Friday, June 29, 2012

DIANA THE HUNTRESS "Struggle for Freedom"

One of the weirdest series of the Golden Age of Comics featured a goddess vs Nazis...
...but the creative staff just couldn't keep their Greek and Roman deities straight, as this tale from YellowJacket Comics #2 (1944) shows!
As we pointed out in her "origin" story HERE, the authors mixed their pantheons, but at least utilized the correct powers and abilities for the gods and goddesses they did use!
There'll be more never-reprinted tales of Diana the Huntress in the future.
Watch for them!

Friday, June 22, 2012

YANKEE GIRL "Cat Show Killer"

For a superheroine who appeared only twice in new stories...
...once in the Golden Age and once in the Silver Age, Yankee Girl's had a hell of a run!
This purr-fectly entertaining tale appeared in Chesler/Superior's Dynamic Comics #23 (1947), illustrated by Ralph Mayo.
It's been reprinted several times since by various publishers.
As was the case with many Golden Age characters, the first story is not the origin, and the character is already established and active.
There was another Yankee Girl tale produced during the Golden Age, but it didn't see print until the Silver Age.
We'll be presenting it in the future.
No origin story was ever done by the strip's creators, but other writers/artists continued with new tales from the 1990s to the present, including an origin.

NOTE: There was a previous Yankee Girl from the same publisher, who we'll be presenting here, probably around Labor Day weekend.

Be here next week, when we present another tale of classic comic grrl power!

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Friday, June 15, 2012

DOLLY O'DARE "Track Down Baron Blue"

She only appeared in three tales in one comic, but...
...this policewoman proved herself to be rough and tough!
Written and illustrated by Jim Wilcox in Chesler's Scoop Comics #8 (1944)!
Baron Blue did return, and O'Dare dealt with him.
We'll be bringing you that story soon!

Friday, June 8, 2012

SENORITA RIO "Blanquistas Affair"

We presented her origin tale HERE... let's jump into the action in this story from Fight Comics #21 (1943)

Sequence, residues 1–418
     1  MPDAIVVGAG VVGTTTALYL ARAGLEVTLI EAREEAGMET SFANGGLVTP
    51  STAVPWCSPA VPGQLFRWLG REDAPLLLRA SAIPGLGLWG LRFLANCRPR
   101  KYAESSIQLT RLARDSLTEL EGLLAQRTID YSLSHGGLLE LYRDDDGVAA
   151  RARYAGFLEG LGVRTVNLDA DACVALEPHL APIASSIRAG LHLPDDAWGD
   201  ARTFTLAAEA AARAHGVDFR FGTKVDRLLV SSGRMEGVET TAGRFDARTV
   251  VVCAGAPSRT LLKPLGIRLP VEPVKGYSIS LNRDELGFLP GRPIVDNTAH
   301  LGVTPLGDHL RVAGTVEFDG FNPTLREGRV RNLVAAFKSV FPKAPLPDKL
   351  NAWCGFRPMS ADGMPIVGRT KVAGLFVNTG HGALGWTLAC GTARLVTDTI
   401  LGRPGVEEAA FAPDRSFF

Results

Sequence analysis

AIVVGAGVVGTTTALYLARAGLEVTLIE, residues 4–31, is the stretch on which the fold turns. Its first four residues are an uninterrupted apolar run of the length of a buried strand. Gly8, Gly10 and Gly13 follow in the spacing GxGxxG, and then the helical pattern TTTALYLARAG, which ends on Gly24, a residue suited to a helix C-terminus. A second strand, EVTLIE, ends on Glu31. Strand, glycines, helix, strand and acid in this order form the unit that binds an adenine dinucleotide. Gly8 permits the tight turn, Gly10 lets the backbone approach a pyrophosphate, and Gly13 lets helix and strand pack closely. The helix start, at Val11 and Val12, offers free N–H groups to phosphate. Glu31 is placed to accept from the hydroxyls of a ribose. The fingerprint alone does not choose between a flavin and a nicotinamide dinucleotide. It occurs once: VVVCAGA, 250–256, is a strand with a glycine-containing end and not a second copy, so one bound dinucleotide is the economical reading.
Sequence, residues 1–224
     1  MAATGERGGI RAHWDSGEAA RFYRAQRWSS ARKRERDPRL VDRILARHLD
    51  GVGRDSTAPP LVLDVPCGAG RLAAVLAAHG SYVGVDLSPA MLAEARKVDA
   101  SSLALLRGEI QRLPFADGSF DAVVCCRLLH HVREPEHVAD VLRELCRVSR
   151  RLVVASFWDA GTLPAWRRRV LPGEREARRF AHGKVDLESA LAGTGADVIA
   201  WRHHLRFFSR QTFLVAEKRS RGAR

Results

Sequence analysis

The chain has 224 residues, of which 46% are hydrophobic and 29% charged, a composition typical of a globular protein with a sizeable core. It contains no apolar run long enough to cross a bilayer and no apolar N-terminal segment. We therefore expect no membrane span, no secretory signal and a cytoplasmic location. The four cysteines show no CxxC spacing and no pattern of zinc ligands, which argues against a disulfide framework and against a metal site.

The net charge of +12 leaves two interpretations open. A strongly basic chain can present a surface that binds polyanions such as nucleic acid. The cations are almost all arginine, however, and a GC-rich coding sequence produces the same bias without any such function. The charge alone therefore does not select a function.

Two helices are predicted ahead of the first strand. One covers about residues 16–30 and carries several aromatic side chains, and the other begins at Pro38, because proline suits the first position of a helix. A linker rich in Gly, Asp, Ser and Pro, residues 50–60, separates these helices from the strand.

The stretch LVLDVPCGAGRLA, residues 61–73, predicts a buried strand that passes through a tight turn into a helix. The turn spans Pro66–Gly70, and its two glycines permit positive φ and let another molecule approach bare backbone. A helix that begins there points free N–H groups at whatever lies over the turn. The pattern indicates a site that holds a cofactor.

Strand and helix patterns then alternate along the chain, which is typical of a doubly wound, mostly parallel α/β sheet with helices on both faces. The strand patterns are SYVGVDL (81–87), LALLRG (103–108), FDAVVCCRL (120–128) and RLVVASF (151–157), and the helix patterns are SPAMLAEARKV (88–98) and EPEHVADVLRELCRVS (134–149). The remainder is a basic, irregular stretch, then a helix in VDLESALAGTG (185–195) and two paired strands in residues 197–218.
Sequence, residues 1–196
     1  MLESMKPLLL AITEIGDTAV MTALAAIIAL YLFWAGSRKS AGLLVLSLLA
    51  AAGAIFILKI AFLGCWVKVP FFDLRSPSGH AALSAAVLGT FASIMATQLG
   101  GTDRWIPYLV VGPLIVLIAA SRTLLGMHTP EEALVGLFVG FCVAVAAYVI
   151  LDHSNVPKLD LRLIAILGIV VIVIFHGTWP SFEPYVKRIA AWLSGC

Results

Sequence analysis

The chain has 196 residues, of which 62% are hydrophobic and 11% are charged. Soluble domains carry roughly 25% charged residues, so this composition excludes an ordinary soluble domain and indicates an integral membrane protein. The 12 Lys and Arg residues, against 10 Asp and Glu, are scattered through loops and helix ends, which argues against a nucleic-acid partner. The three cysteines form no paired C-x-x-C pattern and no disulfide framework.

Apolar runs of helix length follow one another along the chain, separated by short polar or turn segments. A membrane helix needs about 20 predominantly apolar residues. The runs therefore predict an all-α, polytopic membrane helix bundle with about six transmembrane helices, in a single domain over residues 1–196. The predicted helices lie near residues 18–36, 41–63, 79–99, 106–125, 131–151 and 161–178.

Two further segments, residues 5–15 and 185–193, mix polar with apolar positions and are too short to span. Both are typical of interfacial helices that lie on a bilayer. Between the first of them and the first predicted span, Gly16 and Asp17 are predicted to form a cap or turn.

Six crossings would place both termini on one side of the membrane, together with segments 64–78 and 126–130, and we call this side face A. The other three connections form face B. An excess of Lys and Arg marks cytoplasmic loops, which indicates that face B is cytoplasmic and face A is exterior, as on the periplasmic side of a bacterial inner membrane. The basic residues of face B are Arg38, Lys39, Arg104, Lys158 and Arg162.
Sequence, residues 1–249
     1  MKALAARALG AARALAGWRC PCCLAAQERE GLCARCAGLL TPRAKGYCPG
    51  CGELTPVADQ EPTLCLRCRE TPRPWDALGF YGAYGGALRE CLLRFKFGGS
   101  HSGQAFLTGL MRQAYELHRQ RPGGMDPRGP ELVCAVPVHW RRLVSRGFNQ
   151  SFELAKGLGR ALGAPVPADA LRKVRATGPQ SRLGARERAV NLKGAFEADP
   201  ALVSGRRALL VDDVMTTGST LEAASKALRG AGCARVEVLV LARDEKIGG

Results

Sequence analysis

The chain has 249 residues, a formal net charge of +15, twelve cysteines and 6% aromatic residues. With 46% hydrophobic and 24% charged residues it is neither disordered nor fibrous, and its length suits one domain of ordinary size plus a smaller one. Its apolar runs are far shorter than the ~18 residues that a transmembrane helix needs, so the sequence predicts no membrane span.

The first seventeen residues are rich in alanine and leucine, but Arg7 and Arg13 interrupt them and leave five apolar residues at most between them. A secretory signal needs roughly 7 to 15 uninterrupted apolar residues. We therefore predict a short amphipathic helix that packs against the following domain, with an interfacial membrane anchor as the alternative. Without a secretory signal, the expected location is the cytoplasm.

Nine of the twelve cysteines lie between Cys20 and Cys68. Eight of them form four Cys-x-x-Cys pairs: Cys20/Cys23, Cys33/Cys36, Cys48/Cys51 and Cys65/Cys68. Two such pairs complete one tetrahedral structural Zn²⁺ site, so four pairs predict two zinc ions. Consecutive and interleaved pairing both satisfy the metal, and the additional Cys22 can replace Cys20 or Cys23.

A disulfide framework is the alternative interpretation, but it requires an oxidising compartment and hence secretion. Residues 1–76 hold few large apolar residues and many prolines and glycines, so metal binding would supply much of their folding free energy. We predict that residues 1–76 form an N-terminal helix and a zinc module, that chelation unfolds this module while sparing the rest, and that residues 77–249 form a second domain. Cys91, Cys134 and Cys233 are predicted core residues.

She was proficient with weapons, and could handle herself in perilous situations, requiring rescue by male associates far less frequently than most heroines of the Golden Age of Comics.
Art by Nick Cardy, whose comics career spanned over 60 years from the 1940s to the early 2000s, when he retired except for occasional commissioned work.

Friday, June 1, 2012

BLACK PHANTOM "Sheriff Satan"

She started out as a villainess, but became a heroine...
...and discovered that it was dangerous to be a masked woman in the Old West no matter what side of the law she was on!
Debuting in the Red Mask strip in Tim Holt #25 (1951) as the leader of a gang of train robbers, she eventually reformed and becoming Red Mask's crime-fighting partner as well as appearing in her own strip.
In fact, Black Phantom was popular enough to be given her own one-shot comic in 1954, from which this story was taken.

You may note that this story, written by Gardner Fox and illustrated by Frank Bolle, has a lot of "panel bursting" effects.
That's because it was done during the heyday of 3-D comics, but publisher Magazine Enterprises didn't want to pay the license for the red/blue 3-D effect used by numerous other comic companies, so they had their artists do a pseudo "three-dimensional" effect by extending art elements outside panel borders, then promoted it as "3-D in Full Color".
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